Landstuhl commander’s legacy is prepping hospital for postwar era
By MATT MILLHAM | STARS AND STRIPES Published: May 26, 2013
LANDSTUHL, Germany — When Col. Barbara Holcomb took command of Landstuhl Regional Medical Center last May, the hospital was already a distinguished institution renowned for its treatment of American casualties from two bloody wars in Iraq and Afghanistan.
But with one of those wars over and the other drawing down, Holcomb’s legacy here is likely to be her leading the hospital’s preparations for the postwar era and overcoming its budgetary shortfalls.
Holcomb relinquishes command of the hospital Wednesday, long before many of the changes she initiated shift much of Landstuhl’s focus from the traumas of war to the ailments of Americans in Europe.
When she took command, “Everything was going along smoothly,” she said. But with the end of the war in Afghanistan looming, she prodded her staff to think, “What happens when the war ends?”
That, she said, has been the “underlying theme” of her tenure — “getting us downsized to where we can still have the capability to meet the mission, but within our means.”
Though she counts laying the groundwork for this transition — set to be completed by the end of next year — among her major accomplishments, she’s concerned about how the hospital will weather the change.
“I think Landstuhl, a lot of the staff is going to have an identity crisis,” she said.
Many of the staff “feel like they’re contributing to the war effort because they get direct interaction or contact with those patients” injured in Afghanistan.
“My concern is that when that stops, are they still going to find the same satisfaction in taking care of the patients that are here that they feel currently?”
At least some personnel may have other concerns: finding a new job.
The hospital’s future staffing is still under review, but Landstuhl is expected to lose about 440 positions in the drawdown, Holcomb said. Those cuts are across the command’s footprint, which includes Army clinics around Europe. But it’s Landstuhl that will take the brunt of the losses, Holcomb said.
Over the past decade, Landstuhl added hundreds of personnel to its staff to handle the crush of casualties flying in daily from Iraq and Afghanistan. Three years ago, all of those personnel were needed, Holcomb said.
But the volume of ill and injured patients evacuated from the war zone has been trending down dramatically.
“As the war ends and as casualty rates come down, we don’t need as many people any longer,” Holcomb said.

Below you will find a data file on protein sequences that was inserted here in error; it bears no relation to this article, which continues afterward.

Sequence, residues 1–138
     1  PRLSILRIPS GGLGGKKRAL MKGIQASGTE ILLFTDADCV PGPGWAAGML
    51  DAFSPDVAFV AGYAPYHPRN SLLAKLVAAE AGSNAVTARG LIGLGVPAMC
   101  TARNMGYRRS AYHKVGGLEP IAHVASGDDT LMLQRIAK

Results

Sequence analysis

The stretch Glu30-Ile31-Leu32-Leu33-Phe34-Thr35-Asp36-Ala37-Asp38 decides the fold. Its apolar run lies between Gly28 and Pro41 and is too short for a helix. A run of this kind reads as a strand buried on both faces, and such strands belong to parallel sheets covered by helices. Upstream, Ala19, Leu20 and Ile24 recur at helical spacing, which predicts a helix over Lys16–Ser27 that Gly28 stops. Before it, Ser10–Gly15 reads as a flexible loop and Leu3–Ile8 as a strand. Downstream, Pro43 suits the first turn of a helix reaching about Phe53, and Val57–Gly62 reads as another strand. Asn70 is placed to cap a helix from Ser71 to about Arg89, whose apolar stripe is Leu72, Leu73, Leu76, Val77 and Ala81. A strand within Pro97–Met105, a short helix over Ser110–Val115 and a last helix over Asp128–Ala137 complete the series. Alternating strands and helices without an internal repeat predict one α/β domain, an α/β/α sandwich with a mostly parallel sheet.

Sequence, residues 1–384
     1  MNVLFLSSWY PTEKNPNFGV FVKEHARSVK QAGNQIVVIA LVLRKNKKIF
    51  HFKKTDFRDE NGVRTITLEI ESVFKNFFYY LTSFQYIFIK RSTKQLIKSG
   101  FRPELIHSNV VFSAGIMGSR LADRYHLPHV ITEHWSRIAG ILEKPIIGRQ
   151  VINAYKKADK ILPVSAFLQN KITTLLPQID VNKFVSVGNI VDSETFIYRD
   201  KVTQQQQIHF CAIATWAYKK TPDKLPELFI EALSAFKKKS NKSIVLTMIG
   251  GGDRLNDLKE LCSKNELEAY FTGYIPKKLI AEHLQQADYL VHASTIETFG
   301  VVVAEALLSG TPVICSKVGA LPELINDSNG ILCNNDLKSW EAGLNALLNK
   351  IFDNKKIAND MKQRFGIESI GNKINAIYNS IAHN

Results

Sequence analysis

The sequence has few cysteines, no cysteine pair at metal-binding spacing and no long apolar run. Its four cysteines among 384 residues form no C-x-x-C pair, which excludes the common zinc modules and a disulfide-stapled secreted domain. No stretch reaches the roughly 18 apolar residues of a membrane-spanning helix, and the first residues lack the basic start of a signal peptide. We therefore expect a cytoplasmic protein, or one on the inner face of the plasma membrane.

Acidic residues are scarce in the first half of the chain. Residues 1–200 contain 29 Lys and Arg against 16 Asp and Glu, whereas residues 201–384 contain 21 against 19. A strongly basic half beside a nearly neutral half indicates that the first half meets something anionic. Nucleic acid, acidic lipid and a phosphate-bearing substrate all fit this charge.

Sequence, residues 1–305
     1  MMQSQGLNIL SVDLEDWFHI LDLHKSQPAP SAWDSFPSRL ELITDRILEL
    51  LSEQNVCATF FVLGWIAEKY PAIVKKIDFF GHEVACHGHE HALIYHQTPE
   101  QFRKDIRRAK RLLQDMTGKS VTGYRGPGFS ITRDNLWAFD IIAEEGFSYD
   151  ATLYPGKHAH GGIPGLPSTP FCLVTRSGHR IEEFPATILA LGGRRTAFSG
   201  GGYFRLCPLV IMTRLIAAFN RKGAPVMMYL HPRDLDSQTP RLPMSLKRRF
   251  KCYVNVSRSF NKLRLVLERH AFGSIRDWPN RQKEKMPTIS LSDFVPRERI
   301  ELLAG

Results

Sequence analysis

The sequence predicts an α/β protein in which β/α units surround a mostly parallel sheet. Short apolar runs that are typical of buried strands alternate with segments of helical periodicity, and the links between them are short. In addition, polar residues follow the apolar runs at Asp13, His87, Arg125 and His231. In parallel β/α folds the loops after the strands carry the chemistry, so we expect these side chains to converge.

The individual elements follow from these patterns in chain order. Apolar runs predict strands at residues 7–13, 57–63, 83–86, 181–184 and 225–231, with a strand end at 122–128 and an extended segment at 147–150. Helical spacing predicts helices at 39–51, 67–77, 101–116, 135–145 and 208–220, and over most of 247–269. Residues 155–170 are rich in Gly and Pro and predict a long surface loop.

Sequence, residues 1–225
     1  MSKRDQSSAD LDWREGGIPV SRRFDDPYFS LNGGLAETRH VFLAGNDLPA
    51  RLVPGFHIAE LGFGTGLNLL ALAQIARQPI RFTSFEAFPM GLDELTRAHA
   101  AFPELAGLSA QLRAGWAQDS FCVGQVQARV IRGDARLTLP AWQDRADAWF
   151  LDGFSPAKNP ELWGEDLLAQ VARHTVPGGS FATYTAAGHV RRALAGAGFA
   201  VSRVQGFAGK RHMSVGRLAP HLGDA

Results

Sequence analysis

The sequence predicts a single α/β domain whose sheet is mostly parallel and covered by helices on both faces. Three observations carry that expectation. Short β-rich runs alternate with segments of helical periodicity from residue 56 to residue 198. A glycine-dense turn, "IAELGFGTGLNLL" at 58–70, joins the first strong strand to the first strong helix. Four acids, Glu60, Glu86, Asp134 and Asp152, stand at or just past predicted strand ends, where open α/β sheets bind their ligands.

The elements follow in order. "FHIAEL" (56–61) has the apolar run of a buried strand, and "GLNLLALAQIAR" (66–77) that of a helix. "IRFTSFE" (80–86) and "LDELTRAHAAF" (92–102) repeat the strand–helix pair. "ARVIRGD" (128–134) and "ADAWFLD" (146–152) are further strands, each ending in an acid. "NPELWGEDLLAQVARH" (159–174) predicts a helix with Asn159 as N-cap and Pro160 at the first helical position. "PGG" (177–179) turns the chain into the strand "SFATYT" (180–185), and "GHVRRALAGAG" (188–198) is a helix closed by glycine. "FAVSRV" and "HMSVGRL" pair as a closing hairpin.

But despite major reductions in the number of U.S. personnel in Europe and the end of the wars that thrust Landstuhl to fame, the hospital will continue to be relevant and needed, she said.
Before Landstuhl was a household name, it treated the casualties from the bombing of the USS Cole in Yemen in 2001 and from the bombing of Khobar Towers in Saudi Arabia in 1996.
More recently, it tended to personnel wounded in the terrorist attack on the diplomatic compound in Benghazi, Libya, last September, and was on call to accept casualties from the terrorist takeover of an oil facility in Algeria in January.
“So, regardless of the size of the beneficiary population surrounding Landstuhl, it’s a strategic platform for everything else going on in” Africa, the Middle East and surrounding regions, Holcomb said.
But it will exercise that role with less money than it’s had for much of the last decade.
In the current fiscal year, Landstuhl has scrambled to overcome a $26 million funding gap caused by defense budget cuts and sequestration.
“And that required every staff member to participate and look at their work to figure out how they could help us save money,” Holcomb said.
Some of those savings came from canceling a contract for lab tests and pulling the work in-house; consolidating personnel in dwindling communities to cut housekeeping expenses; centralizing purchasing and reducing stocks of medical supplies.
All of this, she said, has led to uncertainty, particularly for Landstuhl’s civilian staff.
Sequestration triggered a hiring freeze and the potential of furloughs, which are expected to strip 11 days of work and pay from most Defense Department civilian employees by the end of September. And more than a dozen civilians under her command were recently notified they were erroneously receiving allowances to cover their housing expenses.
“It seems like one thing after another, and it seems like our civilian staff has taken the hardest hit,” Holcomb said.
Despite all that, she described her departure from Landstuhl as “bittersweet.” She’s been selected for promotion to brigadier general and will move on to assume the post of command surgeon for U.S. Forces Command at Fort Bragg, N.C.
The toughest moment of her time commanding Landstuhl, she said, “will probably be … when I have to pass the flag.”
“Mentally I’m having difficulty being ready to go, because I have not seen through the plan that we laid out.”